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With DOT assistance, JFK Eternal Flame arrives in Ireland

With DOT assistance, JFK Eternal Flame arrives in Ireland

Under normal circumstances, transporting a lighted torch aboard a commercial aircraft is not permitted. It's the kind of thing DOT's Pipeline and Hazardous Materials Safety Administration (PHMSA) and Federal Aviation Administration (FAA) would have serious concerns with for obvious safety reasons.

But sharing the JFK Eternal Flame with Ireland to commemorate the 50th anniversary of President John F. Kennedy’s first-ever visit to Ireland by a U.S. president is not a normal circumstance.

Flame leaving New York
The flame changes hands at New York's JFK Airport

And in recognition of strong American-Irish relations, PHMSA and FAA worked together to authorize Aer Lingus’ transport of the flame aboard a passenger aircraft on a flight from New York’s JFK Airport to Dublin, Ireland.

Domestic and international regulations give PHMSA the authority to allow alternative methods of transporting hazardous materials as long as an equivalent level of safety is ensured. And that is exactly what PHMSA did. In this case, a specially designed kerosene lamp provided the required level of safety.

Aer Lingus contacted FAA Flight Standards to request approval. FAA's Eastern Joint Security and Hazardous Materials Safety Office reviewed the airline's history and the procedures to be used on-board the aircraft and gave Aer Lingus the green light.

Not only will sharing the JFK Eternal Flame further strengthen the bonds between the U.S. and Ireland; it's also a terrific way to share President Kennedy's legacy--including his famous 1961 call to service, which inspired so many of us: "Ask not what you country can do for you, but what you can do for your country."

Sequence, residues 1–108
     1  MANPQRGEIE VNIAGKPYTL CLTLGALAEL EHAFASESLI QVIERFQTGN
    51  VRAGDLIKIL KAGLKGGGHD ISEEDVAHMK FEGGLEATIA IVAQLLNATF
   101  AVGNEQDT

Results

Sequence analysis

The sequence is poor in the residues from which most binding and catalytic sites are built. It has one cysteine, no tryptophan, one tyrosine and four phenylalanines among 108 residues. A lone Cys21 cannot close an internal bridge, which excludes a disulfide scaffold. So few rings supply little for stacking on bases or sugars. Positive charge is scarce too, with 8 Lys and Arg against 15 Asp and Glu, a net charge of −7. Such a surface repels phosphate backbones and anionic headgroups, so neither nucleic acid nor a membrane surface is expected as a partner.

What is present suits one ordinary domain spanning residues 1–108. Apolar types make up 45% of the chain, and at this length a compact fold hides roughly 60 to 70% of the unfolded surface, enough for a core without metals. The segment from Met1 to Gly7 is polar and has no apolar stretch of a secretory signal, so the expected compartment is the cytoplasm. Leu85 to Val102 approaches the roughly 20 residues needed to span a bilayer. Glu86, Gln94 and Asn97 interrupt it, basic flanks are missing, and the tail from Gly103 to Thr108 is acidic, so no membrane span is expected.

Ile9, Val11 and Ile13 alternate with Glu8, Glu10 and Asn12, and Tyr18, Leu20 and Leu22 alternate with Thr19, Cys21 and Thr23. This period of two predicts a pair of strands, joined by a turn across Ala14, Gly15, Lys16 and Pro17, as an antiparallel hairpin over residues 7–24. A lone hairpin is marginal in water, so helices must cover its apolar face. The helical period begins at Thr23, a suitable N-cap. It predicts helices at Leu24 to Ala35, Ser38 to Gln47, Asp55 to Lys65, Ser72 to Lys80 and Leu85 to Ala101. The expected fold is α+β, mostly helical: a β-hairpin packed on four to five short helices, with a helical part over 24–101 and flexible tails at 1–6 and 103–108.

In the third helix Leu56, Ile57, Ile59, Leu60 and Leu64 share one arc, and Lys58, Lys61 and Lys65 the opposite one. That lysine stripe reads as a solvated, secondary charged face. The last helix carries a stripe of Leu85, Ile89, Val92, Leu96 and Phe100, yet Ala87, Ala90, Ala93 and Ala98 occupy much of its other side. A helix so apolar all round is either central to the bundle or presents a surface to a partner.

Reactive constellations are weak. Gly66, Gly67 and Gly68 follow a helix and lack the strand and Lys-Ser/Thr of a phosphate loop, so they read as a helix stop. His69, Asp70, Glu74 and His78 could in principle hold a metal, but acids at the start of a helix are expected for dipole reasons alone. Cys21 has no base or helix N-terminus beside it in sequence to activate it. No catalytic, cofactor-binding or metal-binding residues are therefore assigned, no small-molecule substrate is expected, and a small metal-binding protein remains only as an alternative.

Photo of the flame parading across tarmac to Aer Lingus flight

On June 18, at the Arlington Cemetery gravesite of President Kennedy, the JFK Eternal Flame was used to light a torch made from Irish ash wood and modeled after those used last year to transport the Olympic flame for the London Olympics. From this torch, the flame was transferred to the PHMSA-authorized lamp to make the Atlantic crossing. U.S. Representative Joe Kennedy--great-nephew of the late President--and other Kennedy family members were present for the ceremony, the first time the JFK Eternal Flame has been shared.

On June 22, the JFK flame was used to light Ireland's Emigrant Flame in the small southern coastal town of New Ross, in County Wexford. New Ross was the site of President Kennedy’s Ireland visit and the point from which his great-grandfather Patrick Kennedy emigrated to America. For Ireland, the flame transfer is part of a year-long campaign “The Gathering,” which aims to encourage people of Irish heritage to visit Ireland.

For us, sharing the flame is an opportunity to share President Kennedy's effort to "assure a more fruitful life for all mankind." As he said in his inaugural address, "The energy, the faith, the devotion which we bring to this endeavor will light our country and all who serve it — and the glow from that fire can truly light the world."

I'm proud that PHMSA and FAA had a hand in sharing the flame, and I hope its light inspires all those who see it.

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